Mining sector in Nigeria is projected to boost the country’s GDP 23% in 2025. A report by Pan Africa creative agency, Arden & Newton Limited stated that the inclusion of Women with Disabilities (WWDs), in mining communities will help lead to the boost.
The agency, through its social responsibility arm, The Good Partner with the funding support of one of the world’s largest donor organisations, Ford Foundation embarked on 18 months two-part study and report on the resilience of women with disabilities in resource-producing communities.
Discrimination Against Women With Disabilities
The report, “Discrimination Against Women With Disabilities in Resouce-Producing Communities in Nigeria,” surveyed Bayelsa, Benue, Delta, Ebonyi, Kogi, Niger, Osun, and Zamfara. It gathered that a larger percentage of the respondents who are unemployed identified, “lack of opportunities, disability, lack of support from government/oil companies, corruption, unfair employment practices, lack of education, societal neglect, inconclusive skill acquisition programmes, remoteness of the location and lack of finance.”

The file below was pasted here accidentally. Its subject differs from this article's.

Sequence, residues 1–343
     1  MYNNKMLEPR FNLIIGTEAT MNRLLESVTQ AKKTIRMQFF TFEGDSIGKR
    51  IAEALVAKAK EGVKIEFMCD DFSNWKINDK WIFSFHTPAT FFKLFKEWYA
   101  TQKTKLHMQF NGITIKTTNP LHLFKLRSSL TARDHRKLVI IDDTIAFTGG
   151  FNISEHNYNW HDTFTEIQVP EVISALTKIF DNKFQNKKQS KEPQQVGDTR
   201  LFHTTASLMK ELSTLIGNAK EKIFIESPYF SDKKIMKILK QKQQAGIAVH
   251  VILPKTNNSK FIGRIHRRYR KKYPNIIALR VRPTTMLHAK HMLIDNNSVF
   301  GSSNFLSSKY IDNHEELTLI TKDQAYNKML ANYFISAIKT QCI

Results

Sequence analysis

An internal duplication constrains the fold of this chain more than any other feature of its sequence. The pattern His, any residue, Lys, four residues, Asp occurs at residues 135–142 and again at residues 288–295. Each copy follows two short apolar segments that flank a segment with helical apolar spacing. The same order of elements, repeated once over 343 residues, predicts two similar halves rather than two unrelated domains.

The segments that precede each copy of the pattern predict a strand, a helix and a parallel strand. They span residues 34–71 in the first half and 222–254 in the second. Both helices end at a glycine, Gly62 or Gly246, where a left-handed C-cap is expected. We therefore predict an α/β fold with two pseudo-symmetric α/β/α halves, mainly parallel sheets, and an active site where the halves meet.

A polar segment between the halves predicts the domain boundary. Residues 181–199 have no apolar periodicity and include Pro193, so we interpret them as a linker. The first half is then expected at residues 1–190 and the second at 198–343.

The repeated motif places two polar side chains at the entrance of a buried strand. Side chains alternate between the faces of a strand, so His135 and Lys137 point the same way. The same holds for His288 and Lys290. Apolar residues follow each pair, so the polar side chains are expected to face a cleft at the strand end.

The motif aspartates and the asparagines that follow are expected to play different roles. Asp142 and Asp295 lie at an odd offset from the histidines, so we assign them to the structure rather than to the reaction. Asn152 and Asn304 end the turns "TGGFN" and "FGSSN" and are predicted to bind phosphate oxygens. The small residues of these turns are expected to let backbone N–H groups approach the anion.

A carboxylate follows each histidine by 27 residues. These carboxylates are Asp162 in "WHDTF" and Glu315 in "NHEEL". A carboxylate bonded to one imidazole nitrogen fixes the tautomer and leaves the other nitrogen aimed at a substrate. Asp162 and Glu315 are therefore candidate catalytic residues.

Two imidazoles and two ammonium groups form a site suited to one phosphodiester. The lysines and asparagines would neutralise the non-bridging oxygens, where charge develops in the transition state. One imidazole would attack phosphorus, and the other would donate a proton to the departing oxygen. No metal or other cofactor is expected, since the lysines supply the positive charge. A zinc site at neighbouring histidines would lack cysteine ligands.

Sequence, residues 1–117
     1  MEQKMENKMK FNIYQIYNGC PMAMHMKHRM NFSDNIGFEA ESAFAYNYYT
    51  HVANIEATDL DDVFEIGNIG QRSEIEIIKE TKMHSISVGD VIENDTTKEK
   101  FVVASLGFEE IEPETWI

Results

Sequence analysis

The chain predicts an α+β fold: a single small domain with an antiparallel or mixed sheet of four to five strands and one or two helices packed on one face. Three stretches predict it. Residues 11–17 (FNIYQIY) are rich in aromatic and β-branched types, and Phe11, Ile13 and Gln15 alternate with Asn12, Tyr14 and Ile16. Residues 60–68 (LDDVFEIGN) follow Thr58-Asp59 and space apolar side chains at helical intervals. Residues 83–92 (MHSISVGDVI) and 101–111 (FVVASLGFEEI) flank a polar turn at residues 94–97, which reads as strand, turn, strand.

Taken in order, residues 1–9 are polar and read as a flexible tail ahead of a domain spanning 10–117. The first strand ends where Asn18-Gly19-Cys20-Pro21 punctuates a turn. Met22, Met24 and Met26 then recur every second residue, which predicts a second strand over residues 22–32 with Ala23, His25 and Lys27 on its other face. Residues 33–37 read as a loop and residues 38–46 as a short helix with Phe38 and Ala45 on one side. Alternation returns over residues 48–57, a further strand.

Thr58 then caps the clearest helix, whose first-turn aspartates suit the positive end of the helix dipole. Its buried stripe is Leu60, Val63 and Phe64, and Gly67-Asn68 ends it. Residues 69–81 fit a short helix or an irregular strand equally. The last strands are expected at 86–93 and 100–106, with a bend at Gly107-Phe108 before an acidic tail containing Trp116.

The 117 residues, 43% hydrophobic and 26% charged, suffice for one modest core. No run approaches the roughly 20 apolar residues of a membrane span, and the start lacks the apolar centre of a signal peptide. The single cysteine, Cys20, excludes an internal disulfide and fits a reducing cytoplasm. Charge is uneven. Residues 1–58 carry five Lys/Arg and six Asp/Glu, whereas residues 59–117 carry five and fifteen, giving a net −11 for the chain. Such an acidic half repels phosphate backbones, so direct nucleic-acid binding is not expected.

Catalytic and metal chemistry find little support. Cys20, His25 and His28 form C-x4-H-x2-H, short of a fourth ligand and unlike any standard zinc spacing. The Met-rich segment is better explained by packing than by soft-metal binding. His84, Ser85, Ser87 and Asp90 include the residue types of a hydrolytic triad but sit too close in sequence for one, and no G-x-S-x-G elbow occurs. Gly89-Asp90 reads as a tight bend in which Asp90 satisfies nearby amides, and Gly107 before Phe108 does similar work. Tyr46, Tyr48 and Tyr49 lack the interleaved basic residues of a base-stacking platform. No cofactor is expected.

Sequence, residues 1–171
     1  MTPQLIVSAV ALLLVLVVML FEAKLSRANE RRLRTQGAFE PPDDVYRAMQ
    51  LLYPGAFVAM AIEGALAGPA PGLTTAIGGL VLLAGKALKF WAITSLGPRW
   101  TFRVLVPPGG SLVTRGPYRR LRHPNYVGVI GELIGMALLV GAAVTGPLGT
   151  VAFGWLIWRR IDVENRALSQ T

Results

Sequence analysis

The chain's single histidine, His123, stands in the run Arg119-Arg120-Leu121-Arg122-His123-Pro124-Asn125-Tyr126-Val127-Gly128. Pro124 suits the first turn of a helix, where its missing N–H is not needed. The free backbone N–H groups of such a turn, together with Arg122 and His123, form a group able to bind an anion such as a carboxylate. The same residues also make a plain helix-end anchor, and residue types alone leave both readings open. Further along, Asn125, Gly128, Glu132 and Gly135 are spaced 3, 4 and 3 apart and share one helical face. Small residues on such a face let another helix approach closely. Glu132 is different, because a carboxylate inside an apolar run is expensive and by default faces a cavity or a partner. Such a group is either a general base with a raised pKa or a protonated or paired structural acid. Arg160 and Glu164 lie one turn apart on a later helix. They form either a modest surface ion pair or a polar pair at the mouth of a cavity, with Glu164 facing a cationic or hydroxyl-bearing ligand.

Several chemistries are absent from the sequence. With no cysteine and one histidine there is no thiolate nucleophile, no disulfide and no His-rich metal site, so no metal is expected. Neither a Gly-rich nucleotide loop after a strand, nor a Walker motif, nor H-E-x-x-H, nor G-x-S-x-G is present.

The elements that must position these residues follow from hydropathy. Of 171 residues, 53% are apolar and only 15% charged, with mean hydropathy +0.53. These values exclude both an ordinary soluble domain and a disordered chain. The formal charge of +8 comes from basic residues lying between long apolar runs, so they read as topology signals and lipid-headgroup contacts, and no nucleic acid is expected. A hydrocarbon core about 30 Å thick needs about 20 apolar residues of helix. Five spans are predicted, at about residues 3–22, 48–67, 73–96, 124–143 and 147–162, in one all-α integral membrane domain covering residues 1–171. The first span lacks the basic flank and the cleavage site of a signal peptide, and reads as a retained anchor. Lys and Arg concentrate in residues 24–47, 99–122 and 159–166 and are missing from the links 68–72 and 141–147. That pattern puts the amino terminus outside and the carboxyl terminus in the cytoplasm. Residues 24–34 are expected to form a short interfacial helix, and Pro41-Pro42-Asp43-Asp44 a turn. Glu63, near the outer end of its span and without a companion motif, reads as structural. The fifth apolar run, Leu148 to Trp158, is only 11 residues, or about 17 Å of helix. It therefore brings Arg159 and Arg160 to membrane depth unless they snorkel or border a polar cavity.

“We are confident that the key issues highlighted in the reports and the solutions proffered can help policymakers make informed decisions and shape policies that will protect the rights of women living with disabilities and foster societal inclusion. This is in line with the national and global efforts to ensure Sustainable development,” said Chief Executive Officer, Arden & Newton, Perez Tigidam.
Mining in Nigeria currently generates just 0.3% of GDP and leaves the country scrambling to import minerals, like salt and iron ore, which could be produced domestically. In contrast, the oil and gas sector produces around 10% of GDP and 65% of government revenues.